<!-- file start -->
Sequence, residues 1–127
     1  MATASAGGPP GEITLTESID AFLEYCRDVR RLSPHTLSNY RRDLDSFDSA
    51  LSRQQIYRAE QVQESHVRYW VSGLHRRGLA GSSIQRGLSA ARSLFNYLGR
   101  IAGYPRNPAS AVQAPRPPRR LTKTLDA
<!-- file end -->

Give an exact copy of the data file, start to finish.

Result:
Sequence, residues 1–127
     1  MATASAGGPP GEITLTESID AFLEYCRDVR RLSPHTLSNY RRDLDSFDSA
    51  LSRQQIYRAE QVQESHVRYW VSGLHRRGLA GSSIQRGLSA ARSLFNYLGR
   101  IAGYPRNPAS AVQAPRPPRR LTKTLDA